By Sara Amundson and Kitty Block
Our National Marine Fisheries Service, slow to take action, really shouldn’t need a prompt about the fierce urgency of now when it comes to protecting the critically endangered North Atlantic right whale. Still, a new reminder has come with the tragic sighting last week of a four-year old male badly injured and entangled in fishing lines about two and a half miles off the coast of Sea Bright, New Jersey.
Last seen in the Gulf of St. Lawrence in July, healthy and free of crippling lines or gear; the whale, known to researchers as #4680, is in extremely poor condition with numerous observable injuries caused by heavy entangling commercial fishing lines. He’s the son of a whale named Dragon, observed in late February off Nantucket with a buoy lodged in her mouth, and presumed dead.
Marine mammal specialists are trying to organize a rescue and relief mission for #4680, but things don’t look good for this whale right now.
This is reminiscent of last June’s discovery of the body of a dead North Atlantic right whale calf floating off the coast of New Jersey—a victim of two boat strikes, according to preliminary analysis. There are just 400 of these marine mammals left in our oceans. Since 2017, only 22 North Atlantic right whale calves have been born, with more females than males having died and because more females are giving birth later and with longer inter-birth intervals. A documented 31 North Atlantic right whales have died and an additional 10 are presumed dead due to the serious nature of injuries sustained. That brings the total to 41 likely dead in the past three years.
Once a prized target of whaling fleets, right whales are being driven toward extinction by the twinned threats of being struck by ships and complex entanglement in heavy commercial fishing gear and fishing lines. What humanity refused to let nineteenth and twentieth century whaling fleets do, inaction by the U.S. government and other parties is threatening to accomplish. Where the causes of death in right whales over the last several decades can be determined, the vast majority are a result of entanglement in fishing gear and lines.
This summer, the HSUS and other organizations prevailed in litigation to force the NMFS, a division of the National Ocean and Atmospheric Administration, to take long-overdue steps to protect right whales from fatal entanglements in heavy lobster-fishing gear. The judge in the case set a firm deadline for the agency to finalize regulations to reduce the risk of entanglements. With some of the same partners, we’ve just petitioned the agency to expand the area and seasonal time periods south of New England in which vessels are required to slow their speeds to reduce the likelihood of fatal collisions.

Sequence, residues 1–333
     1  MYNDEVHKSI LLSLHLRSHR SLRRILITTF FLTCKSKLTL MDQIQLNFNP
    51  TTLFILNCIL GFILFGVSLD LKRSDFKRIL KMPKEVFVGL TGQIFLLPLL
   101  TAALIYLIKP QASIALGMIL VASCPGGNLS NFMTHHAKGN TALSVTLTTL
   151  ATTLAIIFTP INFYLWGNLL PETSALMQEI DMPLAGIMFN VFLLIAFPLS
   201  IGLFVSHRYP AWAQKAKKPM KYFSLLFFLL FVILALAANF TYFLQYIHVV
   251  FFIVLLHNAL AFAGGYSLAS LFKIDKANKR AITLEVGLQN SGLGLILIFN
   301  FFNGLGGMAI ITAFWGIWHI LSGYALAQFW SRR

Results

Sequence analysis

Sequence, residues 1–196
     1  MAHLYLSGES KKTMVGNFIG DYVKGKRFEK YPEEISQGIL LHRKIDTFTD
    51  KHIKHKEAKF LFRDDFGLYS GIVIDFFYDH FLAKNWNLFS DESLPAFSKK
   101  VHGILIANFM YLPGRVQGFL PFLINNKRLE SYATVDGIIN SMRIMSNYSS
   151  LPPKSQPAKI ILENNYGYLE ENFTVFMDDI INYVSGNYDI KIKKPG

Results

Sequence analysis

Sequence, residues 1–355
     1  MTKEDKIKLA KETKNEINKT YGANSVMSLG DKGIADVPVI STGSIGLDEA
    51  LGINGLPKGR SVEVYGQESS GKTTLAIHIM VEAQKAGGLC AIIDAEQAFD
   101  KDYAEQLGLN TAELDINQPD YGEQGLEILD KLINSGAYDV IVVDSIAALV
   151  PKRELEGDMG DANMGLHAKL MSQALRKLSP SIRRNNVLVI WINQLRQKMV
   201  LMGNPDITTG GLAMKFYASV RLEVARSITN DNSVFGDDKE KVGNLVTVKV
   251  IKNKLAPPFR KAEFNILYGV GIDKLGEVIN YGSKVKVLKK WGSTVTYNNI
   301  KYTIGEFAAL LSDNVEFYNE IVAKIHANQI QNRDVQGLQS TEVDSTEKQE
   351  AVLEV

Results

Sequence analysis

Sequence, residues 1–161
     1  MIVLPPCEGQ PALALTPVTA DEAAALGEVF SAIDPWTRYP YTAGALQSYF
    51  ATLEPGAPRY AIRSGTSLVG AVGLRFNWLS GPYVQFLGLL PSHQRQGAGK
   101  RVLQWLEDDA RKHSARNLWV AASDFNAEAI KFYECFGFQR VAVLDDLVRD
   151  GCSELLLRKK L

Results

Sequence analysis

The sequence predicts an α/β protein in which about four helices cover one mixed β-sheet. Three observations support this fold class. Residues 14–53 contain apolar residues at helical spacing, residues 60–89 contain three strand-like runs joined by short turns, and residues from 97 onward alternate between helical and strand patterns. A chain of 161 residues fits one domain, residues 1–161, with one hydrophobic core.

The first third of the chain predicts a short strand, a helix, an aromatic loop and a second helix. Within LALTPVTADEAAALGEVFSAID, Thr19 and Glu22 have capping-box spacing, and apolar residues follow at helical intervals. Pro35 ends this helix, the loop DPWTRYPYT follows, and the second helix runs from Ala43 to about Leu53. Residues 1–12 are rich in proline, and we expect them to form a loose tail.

Finally, in the wake of the International Union for Conservation of Nature’s uplisting of the right whale from “endangered” to “critically endangered,” hundreds of scientists throughout the world have signed an unprecedented statement of concern about whale, dolphin and porpoise conservation.
We need all of this, but more than anything else we need a genuine commitment from the United States and other nations to do what is necessary to save the right whale. The solution to right whale conservation is simple. We must prioritize reducing vessel strikes and entanglement in fishing gear and lines. We must encourage much greater financial support for marine mammal rescue networks, which are essential to emergency response programs designed to free and support the survival of entangled whales at sea.
Back in July, the Congress approved an amendment that would provide an additional $1.5 million to the Department of Commerce (on top of the $5 million already in the base bill) for research and monitoring of these whales to help reduce entanglements and vessel collisions, both among the chief causes of mortality.
But the Congress can do still more. The SAVE Right Whales Act (S. 2453/H.R. 1568), introduced by Senator Cory Booker, D-N.J., former Senator Johnny Isakson, R-Ga, and Reps. Seth Moulton, D-Mass. and John Rutherford, R-Fla., is intended to meet the threat to these remarkable creatures with even more dedicated resources. The bill would authorize $5 million per year over the next decade for research designed to ensure that fishing and shipping interests develop the technology to safely share the ocean with right whales.
We need that bill, and you can help by contacting your two U.S. Senators and U.S. Representative to communicate your support.
But we also need a stronger investment of effort and resources from shipping interests, the fishing industry, and other key stakeholders whose conduct will ultimately determine the fate of the world’s most endangered species. Research suggest that right whales can live to 70 years of age, but under the current circumstances, none are getting the chance to come even close to that. They deserve a future, and it’s up to us to take the actions necessary to prevent their extinction.
Kitty Block is President and CEO of the Humane Society of the United States.